Q&A: Are Pull-Ups for Powerlifters?
Written by Michele Vieux

We recently received this email from someone who began following our 3-Week Pull-Up Program with much success! They went from being able to perform single reps to being able to string four strict pull-ups together! This is not the first time we’ve received a question like this so we thought we’d answer it for the benefit of all.


Q: I am training for the national powerlifting competition in August. I was told to just focus on powerlifting because I want to do well in that competition and possibly go to Worlds. Do you feel that working on pull-ups will have a negative effect since it’s a different group of muscles I will be working?

A: You definitely need to start pulling! Any way shape or form, start making your body pull. Horizontal, vertical, angular, any and all ways! Focusing solely on the three power lifts is a HUGE mistake. You will not reach your full potential and you will be setting yourself up for injury. 

Of course, pressing is one of the best ways to strengthen the shoulders and pecs which is what your bench pressing highlights. But that is the TEST of strength and how you measure results for your competition. You need/should have other components in your program besides just the three major lifts like secondary lifts/movements i.e. pull-ups and accessory work (that could entail a lot of things like planking or scapular stability exercises, etc. – whatever you are ‘weak’ in.) Here’s some reading on programming accessory work:

3 Criteria to Consider When Programming Accessory Work

The Importance of Accessory Training

Necessary Accessory

Regardless of whether you’re looking to be a CrossFit athlete, an Olympic or powerlifter, want to excel in any sport requiring upper body strength, or want to improve your health and fitness or posture, the pull-up should be a part of your plan. Here’s why:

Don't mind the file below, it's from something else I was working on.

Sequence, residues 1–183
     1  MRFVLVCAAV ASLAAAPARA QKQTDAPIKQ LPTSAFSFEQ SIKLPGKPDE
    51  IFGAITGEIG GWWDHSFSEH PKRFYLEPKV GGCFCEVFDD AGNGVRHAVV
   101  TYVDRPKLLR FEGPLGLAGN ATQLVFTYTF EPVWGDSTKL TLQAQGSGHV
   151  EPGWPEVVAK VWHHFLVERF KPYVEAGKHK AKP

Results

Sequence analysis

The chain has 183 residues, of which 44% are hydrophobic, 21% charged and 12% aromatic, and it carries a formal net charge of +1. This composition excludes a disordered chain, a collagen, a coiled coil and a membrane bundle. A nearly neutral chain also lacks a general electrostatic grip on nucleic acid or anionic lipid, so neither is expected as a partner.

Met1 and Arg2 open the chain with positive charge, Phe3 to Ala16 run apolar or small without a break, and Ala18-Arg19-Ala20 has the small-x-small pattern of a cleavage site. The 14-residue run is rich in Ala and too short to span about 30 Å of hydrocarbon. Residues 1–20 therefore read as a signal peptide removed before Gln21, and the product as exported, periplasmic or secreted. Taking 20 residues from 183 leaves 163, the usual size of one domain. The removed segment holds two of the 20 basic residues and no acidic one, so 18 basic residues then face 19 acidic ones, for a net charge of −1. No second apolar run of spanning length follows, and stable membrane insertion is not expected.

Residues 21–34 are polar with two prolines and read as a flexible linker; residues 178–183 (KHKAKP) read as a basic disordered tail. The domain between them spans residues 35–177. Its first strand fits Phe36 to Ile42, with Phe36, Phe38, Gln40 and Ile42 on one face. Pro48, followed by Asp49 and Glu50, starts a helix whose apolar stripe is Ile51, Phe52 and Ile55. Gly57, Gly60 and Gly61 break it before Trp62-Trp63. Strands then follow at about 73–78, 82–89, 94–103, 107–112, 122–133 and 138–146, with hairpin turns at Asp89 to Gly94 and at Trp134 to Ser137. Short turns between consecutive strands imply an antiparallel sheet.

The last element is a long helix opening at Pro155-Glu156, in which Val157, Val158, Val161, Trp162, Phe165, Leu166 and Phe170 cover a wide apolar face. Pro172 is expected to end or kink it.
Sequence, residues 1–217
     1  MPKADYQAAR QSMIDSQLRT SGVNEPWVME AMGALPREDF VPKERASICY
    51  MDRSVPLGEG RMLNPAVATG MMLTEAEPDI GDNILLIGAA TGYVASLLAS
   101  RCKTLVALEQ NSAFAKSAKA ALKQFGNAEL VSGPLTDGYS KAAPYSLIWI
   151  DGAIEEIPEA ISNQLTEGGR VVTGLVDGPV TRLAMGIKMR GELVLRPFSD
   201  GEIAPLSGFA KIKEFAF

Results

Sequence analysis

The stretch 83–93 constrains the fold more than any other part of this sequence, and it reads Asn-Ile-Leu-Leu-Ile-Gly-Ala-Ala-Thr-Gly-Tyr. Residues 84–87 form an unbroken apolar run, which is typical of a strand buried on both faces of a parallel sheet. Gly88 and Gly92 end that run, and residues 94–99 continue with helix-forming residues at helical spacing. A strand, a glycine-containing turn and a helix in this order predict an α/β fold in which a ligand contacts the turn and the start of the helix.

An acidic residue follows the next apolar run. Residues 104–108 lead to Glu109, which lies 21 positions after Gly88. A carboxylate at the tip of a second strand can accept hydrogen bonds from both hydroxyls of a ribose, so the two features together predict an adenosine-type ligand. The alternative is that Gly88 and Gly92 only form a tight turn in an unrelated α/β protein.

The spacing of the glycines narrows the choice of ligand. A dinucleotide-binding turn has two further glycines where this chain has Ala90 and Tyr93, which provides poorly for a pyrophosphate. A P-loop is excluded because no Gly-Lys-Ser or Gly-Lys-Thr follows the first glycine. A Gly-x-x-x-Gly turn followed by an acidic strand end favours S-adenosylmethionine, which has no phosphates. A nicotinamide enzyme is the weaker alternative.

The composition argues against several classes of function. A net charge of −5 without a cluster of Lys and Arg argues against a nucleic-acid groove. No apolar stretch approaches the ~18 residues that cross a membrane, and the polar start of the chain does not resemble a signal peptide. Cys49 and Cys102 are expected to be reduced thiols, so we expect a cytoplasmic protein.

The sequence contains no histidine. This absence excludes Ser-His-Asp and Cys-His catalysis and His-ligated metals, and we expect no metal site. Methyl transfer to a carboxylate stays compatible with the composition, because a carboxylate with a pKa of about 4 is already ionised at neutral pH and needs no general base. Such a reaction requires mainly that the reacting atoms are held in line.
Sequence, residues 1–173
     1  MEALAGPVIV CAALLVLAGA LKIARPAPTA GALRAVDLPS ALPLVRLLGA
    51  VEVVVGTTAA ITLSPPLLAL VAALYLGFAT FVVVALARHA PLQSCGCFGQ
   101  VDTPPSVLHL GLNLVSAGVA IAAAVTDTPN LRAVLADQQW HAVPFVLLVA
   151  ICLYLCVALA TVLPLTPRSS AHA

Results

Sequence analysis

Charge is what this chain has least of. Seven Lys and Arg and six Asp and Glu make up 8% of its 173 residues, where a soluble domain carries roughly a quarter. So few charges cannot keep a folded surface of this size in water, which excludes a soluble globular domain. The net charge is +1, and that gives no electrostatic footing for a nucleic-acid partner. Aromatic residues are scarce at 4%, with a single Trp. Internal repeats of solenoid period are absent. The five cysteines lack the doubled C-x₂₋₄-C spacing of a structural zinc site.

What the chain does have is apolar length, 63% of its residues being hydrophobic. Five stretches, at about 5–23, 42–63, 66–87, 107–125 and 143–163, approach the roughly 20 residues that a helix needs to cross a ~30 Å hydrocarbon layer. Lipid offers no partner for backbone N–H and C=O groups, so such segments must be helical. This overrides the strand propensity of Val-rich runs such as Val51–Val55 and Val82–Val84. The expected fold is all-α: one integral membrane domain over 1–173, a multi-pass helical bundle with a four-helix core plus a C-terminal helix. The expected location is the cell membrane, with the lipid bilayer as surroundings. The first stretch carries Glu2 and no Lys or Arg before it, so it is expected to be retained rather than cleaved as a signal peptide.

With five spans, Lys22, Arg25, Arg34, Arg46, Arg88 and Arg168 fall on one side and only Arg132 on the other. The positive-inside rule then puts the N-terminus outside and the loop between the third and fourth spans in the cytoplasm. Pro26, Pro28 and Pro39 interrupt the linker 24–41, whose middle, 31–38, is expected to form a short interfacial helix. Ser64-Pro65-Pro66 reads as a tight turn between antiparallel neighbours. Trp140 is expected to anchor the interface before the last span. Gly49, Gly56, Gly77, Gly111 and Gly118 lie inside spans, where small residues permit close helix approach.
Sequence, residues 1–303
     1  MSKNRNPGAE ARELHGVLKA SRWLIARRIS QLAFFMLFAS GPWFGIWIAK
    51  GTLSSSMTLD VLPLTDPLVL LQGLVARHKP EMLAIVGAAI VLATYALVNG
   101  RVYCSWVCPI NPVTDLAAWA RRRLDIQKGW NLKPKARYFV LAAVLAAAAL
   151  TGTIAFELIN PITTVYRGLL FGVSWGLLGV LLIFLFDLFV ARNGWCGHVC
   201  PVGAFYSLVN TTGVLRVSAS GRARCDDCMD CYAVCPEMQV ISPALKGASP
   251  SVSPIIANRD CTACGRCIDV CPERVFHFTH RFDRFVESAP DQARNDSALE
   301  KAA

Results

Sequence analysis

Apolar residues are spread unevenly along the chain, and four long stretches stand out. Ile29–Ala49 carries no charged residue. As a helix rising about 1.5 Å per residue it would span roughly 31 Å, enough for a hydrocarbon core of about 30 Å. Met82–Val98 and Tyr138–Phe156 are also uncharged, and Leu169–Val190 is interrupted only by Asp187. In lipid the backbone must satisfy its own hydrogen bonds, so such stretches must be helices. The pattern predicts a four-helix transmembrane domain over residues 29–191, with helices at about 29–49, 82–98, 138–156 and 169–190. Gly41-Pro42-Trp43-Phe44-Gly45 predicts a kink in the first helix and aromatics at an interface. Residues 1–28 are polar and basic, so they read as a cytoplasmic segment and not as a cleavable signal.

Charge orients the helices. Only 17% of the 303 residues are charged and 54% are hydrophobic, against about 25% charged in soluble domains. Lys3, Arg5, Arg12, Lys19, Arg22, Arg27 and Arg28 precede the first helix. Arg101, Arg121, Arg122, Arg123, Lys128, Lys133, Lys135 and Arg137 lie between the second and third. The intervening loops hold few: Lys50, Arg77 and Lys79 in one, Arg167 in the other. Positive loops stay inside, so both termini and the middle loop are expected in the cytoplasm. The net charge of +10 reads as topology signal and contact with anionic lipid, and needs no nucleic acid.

Increased Strength

From a strength perspective, mastering the pull-up does for the upper body what the deadlift and back squat do for the lower body. When you work pull-ups into your training, you are guaranteeing to hit all the muscles of the upper back including the lats, scaps, and traps. Of course, you are using your shoulders (and biceps if you’re doing the chin-up version) and you are even using your abdominal muscles. The pull-up is a great test of relative strength, meaning your strength in comparison to bodyweight. Plain and simple, stronger arms equals stronger presses!

Improved Shoulder Health & Injury Prevention

Aside from the strength improvements and looking better naked, there are other advantages to working with the pull-up. Assuming you start a program with good shoulder health, the pull-up further promotes shoulder function by improving the way your muscles fire and sequence in order to perform the exercise. 

Structural Balance & Posture

If you’ve been doing pull-ups for a while and your body is healthy, there is no reason you can’t do them on the daily, if you desire. You really should be doing them as much as your body allows with the goal of pulling twice as many reps as you push.

For example, if you bench pressed 5×3 then you should do AT LEAST (but really more) that many reps of a pulling exercise to counterbalance the muscles involved. Pulling = better posture = fewer injuries. Pushing does not.

So that’s the short answer but there are many other principles to take into consideration when building a program that includes pul-ups (or anything for that matter). Don’t worry – we take care of all that for you in this 3-week training guide to help you get your first pull up!

 

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